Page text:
When Richard Misrach arrived from Southern California onto the UC Berkeley campus, as an undergraduate mathematics student, he found himself in the tumultuous atmosphere of 1967 Berkeley amidst anti-war protests, class shut downs and teach-ins. He also discovered the ASUC Art Studio.
“…I went there to learn how to throw pots, but I quickly became interested in photography,” Misrach says. “At the same time, things were heating up on campus with the People's Park riots and tear gassings. I picked up the camera to photograph the world exploding around me.”
This foray into photography would not only have a profound effect on his life but also establish a powerful, socially conscious character to Misrach’s photography and a subsequent, concurrent theme—the contemplation of people, industry and society’s influences upon the landscape and the negative impact on the environment that ensues.
“Night Fishing, Near Bonnet Carré Spillway, Louisiana,” (1998), by Richard Misrach. Photo courtesy of the Fraenkel Gallery, San Francisco.
“I wasn't a particularly politically engaged person before entering Berkeley, but it was impossible not to have one's value systems challenged during this period,” he says. “My initial interest in photography was the great f64 landscape tradition of the West Coast (Ansel Adams, Edward Weston, Wynn Bullock, etc.), but soon my interest in the aesthetics of photography melded with my political awakening and I began looking at the work of people like Dorothea Lange and Bruce Davidson. My work has been trying to reconcile the two poles ever since.”
An internationally acclaimed landscape artist, Misrach’s spends much of his time working in solitude in the deserts of the Southwest for his ongoing series, “Desert Cantos,” initially with an 8”X10” Deardorff camera and now with a medium format, digital Hasselblad and his iPhone.
|“Self-Portrait at Night, White Sands, New Mexico,” (1976/2014), by Richard Misrach. Photo courtesy of the Fraenkel Gallery, San Francisco.|
“It's so hard to explain, but photography and working in the landscape (primarily the desert, but also in Hawaii and Louisiana) is hugely rewarding. For over forty years, it has proven intellectually and emotionally engaging and challenging. And physically, I love being in the desert. I find the heat sensual and have a self-awareness of myself on the planet in a way I don't feel anywhere else,” he says. “The silence is magnificent. Moreover, I've always thought of the desert landscape as a place where culture-civilization stands out in relief. I think my ongoing “Desert Cantos” project (1979-present) has been driven by this idea. Whether it's military testing, environmental degradation or government policy, the desert is one of the places where civilization and nature collide.”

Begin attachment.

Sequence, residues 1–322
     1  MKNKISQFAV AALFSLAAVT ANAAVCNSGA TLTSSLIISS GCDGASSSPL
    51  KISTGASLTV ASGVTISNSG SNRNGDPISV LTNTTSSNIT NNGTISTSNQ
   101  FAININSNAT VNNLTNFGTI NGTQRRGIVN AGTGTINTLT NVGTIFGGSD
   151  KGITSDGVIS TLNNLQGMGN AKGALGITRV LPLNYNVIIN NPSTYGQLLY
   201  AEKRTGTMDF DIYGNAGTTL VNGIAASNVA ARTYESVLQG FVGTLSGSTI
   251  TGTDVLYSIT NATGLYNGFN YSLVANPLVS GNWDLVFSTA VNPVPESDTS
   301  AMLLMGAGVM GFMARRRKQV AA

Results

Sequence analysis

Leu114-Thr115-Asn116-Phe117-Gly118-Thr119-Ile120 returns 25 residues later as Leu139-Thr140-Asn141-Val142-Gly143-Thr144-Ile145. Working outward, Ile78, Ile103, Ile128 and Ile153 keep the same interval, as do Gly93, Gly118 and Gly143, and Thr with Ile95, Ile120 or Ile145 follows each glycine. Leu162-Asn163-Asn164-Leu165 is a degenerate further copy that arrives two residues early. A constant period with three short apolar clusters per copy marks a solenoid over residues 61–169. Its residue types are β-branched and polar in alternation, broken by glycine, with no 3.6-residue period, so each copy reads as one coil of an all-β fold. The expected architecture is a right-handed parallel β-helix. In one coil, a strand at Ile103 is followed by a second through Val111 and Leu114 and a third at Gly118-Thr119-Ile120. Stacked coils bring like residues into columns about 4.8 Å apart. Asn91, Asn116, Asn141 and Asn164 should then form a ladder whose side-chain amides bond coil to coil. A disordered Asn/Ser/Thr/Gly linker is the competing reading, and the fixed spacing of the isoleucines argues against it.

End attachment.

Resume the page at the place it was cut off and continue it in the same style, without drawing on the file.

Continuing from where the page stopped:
While his new exhibition, “Richard Misrach: Being(s) 1975-2015,” at the Fraenkel Gallery focuses upon landscapes, each of the approximately 20 works feature human figures.
|“Untitled (9485 #FC),” (2008), by Richard Misrach. Photo courtesy of the Fraenkel Gallery, San Francisco.|
“If you asked most people, who are involved in any way, they would say that Richard Misrach is a landscape photographer,” says Frish Brandt, executive director of the Fraenkel Gallery, “but this show points out that his landscape photography has always been about how we live in the land and the human element in the land, so whether there’s people or not, there’s always been the essence of humankind.”
|“Untitled (November 10, 2012, 3:08 p.m.),” (2012), by Richard Misrach.
Photo courtesy of the Fraenkel Gallery, San Francisco.|
through May 30. (Book signing with Misrach for his book “The Mysterious Opacity of Other Beings”: 2 p.m. May 9.) 10:30 a.m.-5:30 p.m. Tuesday-Friday, 11 a.m.-5 p.m. Saturday. Fraenkel Gallery, 49 Geary St., S.F. (415) 981-2661. www.fraenkelgallery.com